Easter trading laws are outdated and in need of a major overhaul, said ACT leader Jamie Whyte today.
 
"This weekend thousands of businesses will be closed, liquor sales will be banned, and countless Kiwis will be denied the right to work," said Mr Whyte.
 
"Retailers are fed up. Consumers are fed up. Yet this nanny-statism continues, without any clear justification.
 

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The Letter - 14 April 2014

14 April 2014

 

Be careful what you wish for

If a Labour/NZ1/Green government really bans Chinese from buying houses, takes land under the public works act for housing, builds 100,000 houses and puts on a capital gains tax it really could collapse house prices.  Their house is most families’ greatest asset.  Such interventions will cause great distress. Home owners will not be able to sell without taking a massive hit. Homes will be worth less than the mortgage.  Banks will foreclose.   A home owner can only vote Labour if they think the housing policy will not work.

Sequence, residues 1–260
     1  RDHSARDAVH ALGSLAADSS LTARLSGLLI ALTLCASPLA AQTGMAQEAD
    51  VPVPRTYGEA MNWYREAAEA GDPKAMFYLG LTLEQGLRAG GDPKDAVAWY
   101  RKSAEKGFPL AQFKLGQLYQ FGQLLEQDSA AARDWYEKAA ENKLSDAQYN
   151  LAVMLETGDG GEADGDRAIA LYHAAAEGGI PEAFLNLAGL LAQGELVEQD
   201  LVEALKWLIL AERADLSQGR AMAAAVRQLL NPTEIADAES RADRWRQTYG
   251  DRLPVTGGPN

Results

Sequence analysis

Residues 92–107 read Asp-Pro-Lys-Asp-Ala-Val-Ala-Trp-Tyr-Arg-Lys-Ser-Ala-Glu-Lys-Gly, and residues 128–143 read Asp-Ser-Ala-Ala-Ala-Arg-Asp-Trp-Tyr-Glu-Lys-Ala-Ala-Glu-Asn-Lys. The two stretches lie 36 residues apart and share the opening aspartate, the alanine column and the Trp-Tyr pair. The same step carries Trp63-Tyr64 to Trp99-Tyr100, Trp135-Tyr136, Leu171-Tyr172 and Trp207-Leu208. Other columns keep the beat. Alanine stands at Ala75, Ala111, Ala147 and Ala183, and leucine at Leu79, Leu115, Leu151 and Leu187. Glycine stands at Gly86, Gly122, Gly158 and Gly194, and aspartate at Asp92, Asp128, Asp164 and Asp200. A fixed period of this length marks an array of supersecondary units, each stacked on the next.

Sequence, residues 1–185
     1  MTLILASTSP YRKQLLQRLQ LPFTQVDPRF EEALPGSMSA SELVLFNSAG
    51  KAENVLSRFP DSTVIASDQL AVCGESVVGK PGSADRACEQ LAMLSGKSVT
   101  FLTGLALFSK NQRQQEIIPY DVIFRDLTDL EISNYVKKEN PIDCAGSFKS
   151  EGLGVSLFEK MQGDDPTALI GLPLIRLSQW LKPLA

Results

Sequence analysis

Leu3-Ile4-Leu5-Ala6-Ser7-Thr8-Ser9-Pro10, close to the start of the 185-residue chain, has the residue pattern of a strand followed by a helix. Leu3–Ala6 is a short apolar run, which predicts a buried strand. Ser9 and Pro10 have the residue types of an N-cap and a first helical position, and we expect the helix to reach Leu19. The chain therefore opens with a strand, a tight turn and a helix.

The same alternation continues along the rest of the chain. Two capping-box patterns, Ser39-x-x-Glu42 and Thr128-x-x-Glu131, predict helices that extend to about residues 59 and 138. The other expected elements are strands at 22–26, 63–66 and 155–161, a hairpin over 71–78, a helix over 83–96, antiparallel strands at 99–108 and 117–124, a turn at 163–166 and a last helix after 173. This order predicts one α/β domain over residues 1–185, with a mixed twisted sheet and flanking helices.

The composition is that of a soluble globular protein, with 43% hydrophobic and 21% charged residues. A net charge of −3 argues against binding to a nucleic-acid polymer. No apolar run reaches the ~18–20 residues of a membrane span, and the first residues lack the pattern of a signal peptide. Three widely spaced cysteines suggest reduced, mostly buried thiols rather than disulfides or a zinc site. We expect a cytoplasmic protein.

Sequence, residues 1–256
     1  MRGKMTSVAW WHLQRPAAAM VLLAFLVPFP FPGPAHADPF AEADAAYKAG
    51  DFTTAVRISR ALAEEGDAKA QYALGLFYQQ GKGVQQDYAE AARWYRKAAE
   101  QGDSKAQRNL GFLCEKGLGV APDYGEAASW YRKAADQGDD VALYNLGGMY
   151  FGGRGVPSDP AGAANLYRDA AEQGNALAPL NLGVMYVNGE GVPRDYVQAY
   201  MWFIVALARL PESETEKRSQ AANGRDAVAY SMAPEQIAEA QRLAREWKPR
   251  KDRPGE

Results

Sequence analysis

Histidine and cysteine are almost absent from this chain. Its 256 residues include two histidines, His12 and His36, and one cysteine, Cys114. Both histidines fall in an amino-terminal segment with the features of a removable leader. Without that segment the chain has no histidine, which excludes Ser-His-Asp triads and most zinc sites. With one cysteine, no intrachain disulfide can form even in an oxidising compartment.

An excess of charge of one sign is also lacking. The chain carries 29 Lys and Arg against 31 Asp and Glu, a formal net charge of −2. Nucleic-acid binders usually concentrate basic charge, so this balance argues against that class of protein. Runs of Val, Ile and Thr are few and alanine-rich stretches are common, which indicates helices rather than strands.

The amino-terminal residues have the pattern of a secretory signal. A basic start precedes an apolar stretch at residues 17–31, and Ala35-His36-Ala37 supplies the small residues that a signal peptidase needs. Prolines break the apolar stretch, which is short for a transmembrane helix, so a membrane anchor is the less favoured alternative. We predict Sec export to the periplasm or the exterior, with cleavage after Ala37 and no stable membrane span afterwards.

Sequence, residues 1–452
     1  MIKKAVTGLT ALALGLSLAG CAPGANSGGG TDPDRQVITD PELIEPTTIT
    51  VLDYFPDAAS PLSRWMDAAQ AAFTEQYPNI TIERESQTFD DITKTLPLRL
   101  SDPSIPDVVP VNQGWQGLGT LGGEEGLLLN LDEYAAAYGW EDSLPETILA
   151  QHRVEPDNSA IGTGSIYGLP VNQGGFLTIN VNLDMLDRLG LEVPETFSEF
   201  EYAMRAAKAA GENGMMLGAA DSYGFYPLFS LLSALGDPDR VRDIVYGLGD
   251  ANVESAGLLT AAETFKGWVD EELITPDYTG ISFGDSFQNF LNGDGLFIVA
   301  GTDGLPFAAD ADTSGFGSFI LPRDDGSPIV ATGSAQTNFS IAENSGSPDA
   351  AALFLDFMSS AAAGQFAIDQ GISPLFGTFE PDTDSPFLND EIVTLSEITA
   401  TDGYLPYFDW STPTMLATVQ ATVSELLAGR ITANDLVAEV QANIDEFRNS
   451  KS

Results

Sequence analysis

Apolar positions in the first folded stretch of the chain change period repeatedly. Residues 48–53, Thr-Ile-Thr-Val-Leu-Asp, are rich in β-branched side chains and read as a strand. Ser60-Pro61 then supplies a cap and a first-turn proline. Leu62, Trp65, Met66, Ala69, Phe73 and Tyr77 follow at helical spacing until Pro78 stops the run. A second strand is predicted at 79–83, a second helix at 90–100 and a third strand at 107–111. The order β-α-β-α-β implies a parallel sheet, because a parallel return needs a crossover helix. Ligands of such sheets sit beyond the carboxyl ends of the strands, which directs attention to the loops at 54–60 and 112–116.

The Letter - 7 April 2014

View from abroad

The Letter was in Australia last week.  We have come home to see commentators wondering why New Zealand First is on 7%. It is the fallout from the Minister of Justice going at taxpayers’ expense to China to have talks with the company that has made her husband a director.  Because it was China Winston Peters is the beneficiary.

The Letter - 24 March 2014

 

Policy not politics